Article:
In the editorial pages of this publication and in many other forums across the country, much ink has been spilled about the future of CBC/Radio-Canada. It’s a conversation I not only follow very closely, but one that I care deeply about, and I’d like to take this opportunity to clarify just what it is we’re fighting for.
This is a transformational moment for the national public broadcaster. Our new strategy, A space for us all, is a plan to modernize the public broadcaster and ensure it continues fulfilling its role and mandate for generations to come. It aims to bring us closer to our audience through focus and investment in content and how we deliver it. Our intent is to be a valuable participant in the daily life of Canadians - on your phone, in your living room, in the car. Much more present, much more relevant. It’s all about content and delivering the publicly owned and public-minded service that Canadians will need tomorrow. We are not a museum to preserve the old. We are a cultural activator that regenerates and evolves with society. That’s what a modern public broadcaster should be.
But the strategy won’t hold if the business model stays broken. As things stand, we’re not sustainable. In fact, the conventional broadcast system as a whole – public and private – is perhaps not viable. The system needs to be fixed.
Currently, 60 per cent of our revenues come from the government. The other 40 per cent are self-generated commercial revenues (mainly advertising). In recent years, both have declined. At the same time, like other broadcasters and media companies, we’ve had to adapt to an industry that is changing daily. This requires major investments. But unlike private broadcasters, we can’t attract capital or borrow for cash-flow purposes. To invest in our future we have to find, within ourselves, the resources to do so. In the recent past, this has meant taking drastic measures to balance the books when the market fluctuates or public funding drops. This can’t continue. We are now faced with – very simply – transforming or withering. I’ve chosen the former.
That’s why in order to support our content strategy, we’ve had to challenge how we do what we do. The legacy of our history and our geography is the largest broadcast infrastructure in the world. Not all of that will be required going forward. Change is everywhere: across the industry and around the world. That’s why every other piece of the strategy – from reducing in-house production to cutting our real estate portfolio to job losses – is designed to turn bricks and mortar into programs. Not to stop delivering service to Canadians, but to change how those services are delivered. Lighter, faster. If we are to be the public broadcaster Canada needs and deserves, we need first to address our sustainability issues.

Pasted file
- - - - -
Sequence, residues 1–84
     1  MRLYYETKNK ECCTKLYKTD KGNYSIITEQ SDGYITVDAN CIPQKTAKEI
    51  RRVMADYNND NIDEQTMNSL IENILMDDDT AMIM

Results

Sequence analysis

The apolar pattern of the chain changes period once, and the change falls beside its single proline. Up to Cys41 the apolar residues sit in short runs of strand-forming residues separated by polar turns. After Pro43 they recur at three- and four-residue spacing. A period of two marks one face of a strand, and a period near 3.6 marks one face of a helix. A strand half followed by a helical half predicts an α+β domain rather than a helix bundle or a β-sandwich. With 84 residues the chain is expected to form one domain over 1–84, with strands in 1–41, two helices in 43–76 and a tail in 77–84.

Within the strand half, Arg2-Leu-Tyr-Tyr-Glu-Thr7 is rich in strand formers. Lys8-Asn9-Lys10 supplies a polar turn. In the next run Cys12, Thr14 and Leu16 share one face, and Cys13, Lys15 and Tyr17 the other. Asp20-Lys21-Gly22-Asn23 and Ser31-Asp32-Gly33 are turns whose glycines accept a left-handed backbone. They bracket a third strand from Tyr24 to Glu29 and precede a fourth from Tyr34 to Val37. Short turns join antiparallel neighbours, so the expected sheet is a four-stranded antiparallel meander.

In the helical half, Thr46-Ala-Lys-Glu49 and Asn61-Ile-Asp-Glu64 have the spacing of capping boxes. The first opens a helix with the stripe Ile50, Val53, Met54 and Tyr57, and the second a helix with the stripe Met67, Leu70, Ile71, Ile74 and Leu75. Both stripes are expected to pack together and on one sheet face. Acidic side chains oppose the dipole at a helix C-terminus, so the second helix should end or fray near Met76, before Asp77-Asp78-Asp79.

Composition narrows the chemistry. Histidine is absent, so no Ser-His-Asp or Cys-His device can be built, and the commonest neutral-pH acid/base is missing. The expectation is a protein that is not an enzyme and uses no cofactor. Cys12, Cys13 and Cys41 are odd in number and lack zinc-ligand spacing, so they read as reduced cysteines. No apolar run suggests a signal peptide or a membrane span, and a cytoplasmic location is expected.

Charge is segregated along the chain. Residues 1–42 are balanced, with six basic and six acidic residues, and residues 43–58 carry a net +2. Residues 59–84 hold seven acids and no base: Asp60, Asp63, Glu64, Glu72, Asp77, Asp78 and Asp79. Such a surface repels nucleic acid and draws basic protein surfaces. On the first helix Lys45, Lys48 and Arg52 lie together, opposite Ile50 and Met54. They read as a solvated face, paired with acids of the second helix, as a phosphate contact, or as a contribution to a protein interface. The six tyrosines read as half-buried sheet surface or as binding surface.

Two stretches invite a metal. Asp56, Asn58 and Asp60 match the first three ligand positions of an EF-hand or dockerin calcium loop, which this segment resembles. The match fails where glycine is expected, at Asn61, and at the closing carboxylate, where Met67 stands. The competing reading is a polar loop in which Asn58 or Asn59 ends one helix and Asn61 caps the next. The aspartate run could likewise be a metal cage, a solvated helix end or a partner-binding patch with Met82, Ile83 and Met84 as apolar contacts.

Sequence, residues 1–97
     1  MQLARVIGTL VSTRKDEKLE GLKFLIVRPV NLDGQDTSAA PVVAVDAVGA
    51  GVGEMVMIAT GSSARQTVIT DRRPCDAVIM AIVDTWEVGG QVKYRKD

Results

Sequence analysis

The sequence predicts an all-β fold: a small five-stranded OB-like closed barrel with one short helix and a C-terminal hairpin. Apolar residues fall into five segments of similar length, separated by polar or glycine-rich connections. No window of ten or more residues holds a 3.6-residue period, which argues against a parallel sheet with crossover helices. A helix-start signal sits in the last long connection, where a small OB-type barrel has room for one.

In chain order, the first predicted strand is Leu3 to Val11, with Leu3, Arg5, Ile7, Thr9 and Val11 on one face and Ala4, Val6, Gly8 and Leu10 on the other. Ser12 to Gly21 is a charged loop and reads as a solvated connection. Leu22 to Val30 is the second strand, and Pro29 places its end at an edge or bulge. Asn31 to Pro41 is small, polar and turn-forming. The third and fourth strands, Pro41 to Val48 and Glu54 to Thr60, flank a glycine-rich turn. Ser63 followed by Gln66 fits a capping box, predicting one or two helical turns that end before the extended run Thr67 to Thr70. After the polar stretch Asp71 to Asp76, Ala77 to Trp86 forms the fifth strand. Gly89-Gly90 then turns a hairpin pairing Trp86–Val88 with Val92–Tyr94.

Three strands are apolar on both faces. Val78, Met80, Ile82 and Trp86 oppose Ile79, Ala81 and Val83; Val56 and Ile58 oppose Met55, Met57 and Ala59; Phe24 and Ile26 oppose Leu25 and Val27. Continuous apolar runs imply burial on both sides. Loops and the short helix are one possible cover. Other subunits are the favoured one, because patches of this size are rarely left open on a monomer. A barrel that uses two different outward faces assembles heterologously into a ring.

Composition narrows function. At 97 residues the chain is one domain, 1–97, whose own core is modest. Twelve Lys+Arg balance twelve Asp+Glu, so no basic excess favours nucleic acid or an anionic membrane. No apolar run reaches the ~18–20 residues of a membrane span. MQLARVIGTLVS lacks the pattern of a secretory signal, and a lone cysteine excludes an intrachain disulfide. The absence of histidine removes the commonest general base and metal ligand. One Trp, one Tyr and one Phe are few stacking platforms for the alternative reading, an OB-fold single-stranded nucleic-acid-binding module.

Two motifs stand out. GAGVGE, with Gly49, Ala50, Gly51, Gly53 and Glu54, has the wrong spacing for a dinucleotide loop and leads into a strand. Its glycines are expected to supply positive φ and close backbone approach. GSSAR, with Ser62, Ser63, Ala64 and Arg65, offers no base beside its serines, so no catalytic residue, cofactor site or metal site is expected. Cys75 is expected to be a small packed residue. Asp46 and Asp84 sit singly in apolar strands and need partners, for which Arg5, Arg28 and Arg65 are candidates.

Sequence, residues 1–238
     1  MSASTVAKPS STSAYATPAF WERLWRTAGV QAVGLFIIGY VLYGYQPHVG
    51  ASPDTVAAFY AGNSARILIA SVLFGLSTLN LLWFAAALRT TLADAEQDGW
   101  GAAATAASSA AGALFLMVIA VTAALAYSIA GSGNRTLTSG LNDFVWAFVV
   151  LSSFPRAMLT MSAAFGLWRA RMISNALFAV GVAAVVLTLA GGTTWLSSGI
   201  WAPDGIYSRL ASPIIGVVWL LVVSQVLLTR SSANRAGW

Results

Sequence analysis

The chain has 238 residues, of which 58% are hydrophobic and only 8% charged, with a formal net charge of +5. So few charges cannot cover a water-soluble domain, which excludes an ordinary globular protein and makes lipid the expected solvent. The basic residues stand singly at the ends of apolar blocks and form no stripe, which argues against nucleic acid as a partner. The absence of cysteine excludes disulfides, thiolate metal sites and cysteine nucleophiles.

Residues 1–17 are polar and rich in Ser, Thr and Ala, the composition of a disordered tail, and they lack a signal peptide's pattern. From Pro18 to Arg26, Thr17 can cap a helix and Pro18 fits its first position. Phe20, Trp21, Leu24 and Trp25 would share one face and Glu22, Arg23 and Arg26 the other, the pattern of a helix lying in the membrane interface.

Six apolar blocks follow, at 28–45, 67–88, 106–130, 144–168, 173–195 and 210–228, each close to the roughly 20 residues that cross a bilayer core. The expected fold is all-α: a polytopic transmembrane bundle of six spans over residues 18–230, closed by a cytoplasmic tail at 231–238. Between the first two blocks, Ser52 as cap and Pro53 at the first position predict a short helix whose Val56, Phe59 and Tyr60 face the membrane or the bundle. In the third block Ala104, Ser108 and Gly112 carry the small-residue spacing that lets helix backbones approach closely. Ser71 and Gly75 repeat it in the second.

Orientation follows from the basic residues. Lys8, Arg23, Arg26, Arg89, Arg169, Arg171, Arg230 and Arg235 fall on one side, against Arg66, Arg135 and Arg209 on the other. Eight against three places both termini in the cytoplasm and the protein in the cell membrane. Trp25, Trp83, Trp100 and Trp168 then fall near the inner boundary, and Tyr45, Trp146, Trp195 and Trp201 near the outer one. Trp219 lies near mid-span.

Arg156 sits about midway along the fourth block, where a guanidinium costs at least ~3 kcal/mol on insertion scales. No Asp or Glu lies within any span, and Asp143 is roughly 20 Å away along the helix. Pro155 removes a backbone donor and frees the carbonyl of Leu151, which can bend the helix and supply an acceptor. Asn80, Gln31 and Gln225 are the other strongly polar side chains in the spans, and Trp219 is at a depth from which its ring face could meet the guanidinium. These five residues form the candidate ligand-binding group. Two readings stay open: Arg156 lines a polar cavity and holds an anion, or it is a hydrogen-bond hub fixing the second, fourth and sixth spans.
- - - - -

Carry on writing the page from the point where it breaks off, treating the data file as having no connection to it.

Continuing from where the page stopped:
To be clear, this isn’t a plan to exit television and radio. In fact, the biggest investments will be in prime time television on both CBC and Radio-Canada, and we will continue to build on the incredible and enduring success of radio. But a shift to digital and mobile is inevitable. Where it makes sense, as it does in the regions, we will lead with it. Where it promises a more dynamic, more engaging user experience, we will lead with it. And where it can reach new, younger, audiences, we will lead with it. When Canadians are ready, we’ll be there with a world-class offer, expertise and know-how. I make no apologies for that.
Nor do I make apologies for delivering a strategy that aims to reinvent public broadcasting in a very tumultuous time in our industry. Shaw, Rogers, Bell Media – all have announced restructuring and cut backs in recent weeks. Days after the launch of our own strategy, the BBC announced it is undergoing a digital transformation in news, opening itself to more independent producers and making itself more efficient. Sound familiar?
There is no question that this is a pivotal moment for public broadcasting in Canada and around the world. I am privileged to work with some of the most talented, passionate people in the country, who show up to work every day with the best interest of this place at heart. This is an exciting time, one which presents us with a rare opportunity to shape our collective future and to make our mark. I am fighting for a brighter future for CBC/Radio-Canada. I hope you’ll join me.
Hubert T. Lacroix is President and CEO of CBC/Radio-Canada